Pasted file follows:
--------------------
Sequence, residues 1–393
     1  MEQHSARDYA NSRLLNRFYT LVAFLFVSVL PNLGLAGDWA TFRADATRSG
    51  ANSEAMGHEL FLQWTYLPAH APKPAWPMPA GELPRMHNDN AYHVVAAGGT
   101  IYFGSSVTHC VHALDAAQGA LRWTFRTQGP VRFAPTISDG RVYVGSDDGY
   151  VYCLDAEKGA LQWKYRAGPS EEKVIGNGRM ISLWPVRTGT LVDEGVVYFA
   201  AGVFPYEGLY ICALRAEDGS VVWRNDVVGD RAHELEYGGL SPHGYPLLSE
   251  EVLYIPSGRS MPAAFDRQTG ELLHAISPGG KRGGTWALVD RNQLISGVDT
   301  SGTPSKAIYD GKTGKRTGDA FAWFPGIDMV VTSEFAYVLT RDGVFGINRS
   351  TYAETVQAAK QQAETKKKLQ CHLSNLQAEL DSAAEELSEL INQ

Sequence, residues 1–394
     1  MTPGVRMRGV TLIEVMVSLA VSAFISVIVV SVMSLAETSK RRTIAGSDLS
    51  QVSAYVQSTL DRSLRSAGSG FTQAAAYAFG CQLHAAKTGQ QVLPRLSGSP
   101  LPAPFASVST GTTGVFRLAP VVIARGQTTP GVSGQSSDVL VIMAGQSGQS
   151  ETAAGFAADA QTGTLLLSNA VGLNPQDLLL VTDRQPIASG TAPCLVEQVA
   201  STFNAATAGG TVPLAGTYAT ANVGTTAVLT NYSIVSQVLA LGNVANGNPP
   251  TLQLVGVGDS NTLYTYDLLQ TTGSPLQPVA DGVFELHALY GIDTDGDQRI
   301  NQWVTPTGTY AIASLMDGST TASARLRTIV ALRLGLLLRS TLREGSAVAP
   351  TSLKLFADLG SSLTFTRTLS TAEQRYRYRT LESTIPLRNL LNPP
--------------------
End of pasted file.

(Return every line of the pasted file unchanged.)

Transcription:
Sequence, residues 1–393
     1  MEQHSARDYA NSRLLNRFYT LVAFLFVSVL PNLGLAGDWA TFRADATRSG
    51  ANSEAMGHEL FLQWTYLPAH APKPAWPMPA GELPRMHNDN AYHVVAAGGT
   101  IYFGSSVTHC VHALDAAQGA LRWTFRTQGP VRFAPTISDG RVYVGSDDGY
   151  VYCLDAEKGA LQWKYRAGPS EEKVIGNGRM ISLWPVRTGT LVDEGVVYFA
   201  AGVFPYEGLY ICALRAEDGS VVWRNDVVGD RAHELEYGGL SPHGYPLLSE
   251  EVLYIPSGRS MPAAFDRQTG ELLHAISPGG KRGGTWALVD RNQLISGVDT
   301  SGTPSKAIYD GKTGKRTGDA FAWFPGIDMV VTSEFAYVLT RDGVFGINRS
   351  TYAETVQAAK QQAETKKKLQ CHLSNLQAEL DSAAEELSEL INQ

Sequence, residues 1–394
     1  MTPGVRMRGV TLIEVMVSLA VSAFISVIVV SVMSLAETSK RRTIAGSDLS
    51  QVSAYVQSTL DRSLRSAGSG FTQAAAYAFG CQLHAAKTGQ QVLPRLSGSP
   101  LPAPFASVST GTTGVFRLAP VVIARGQTTP GVSGQSSDVL VIMAGQSGQS
   151  ETAAGFAADA QTGTLLLSNA VGLNPQDLLL VTDRQPIASG TAPCLVEQVA
   201  STFNAATAGG TVPLAGTYAT ANVGTTAVLT NYSIVSQVLA LGNVANGNPP
   251  TLQLVGVGDS NTLYTYDLLQ TTGSPLQPVA DGVFELHALY GIDTDGDQRI
   301  NQWVTPTGTY AIASLMDGST TASARLRTIV ALRLGLLLRS TLREGSAVAP
   351  TSLKLFADLG SSLTFTRTLS TAEQRYRYRT LESTIPLRNL LNPP